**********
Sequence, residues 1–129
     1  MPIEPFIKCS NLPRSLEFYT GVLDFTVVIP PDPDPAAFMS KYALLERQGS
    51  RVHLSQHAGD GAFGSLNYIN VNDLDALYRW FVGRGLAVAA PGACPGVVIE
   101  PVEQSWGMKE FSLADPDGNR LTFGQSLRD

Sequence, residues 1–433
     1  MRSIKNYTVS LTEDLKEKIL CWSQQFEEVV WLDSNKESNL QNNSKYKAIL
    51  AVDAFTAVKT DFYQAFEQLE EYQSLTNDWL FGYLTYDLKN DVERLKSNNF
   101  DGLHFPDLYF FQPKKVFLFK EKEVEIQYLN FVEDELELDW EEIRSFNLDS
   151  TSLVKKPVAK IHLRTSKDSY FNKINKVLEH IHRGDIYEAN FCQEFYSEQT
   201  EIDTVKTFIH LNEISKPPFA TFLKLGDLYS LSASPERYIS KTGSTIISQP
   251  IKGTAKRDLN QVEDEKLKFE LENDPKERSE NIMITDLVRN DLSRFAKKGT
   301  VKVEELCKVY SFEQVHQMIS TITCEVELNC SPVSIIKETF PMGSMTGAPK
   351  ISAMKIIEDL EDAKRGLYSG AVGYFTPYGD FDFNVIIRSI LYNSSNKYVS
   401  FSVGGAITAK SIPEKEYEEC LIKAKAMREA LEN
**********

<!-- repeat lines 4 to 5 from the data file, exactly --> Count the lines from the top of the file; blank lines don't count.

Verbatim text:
   101  PVEQSWGMKE FSLADPDGNR LTFGQSLRD

Sequence, residues 1–433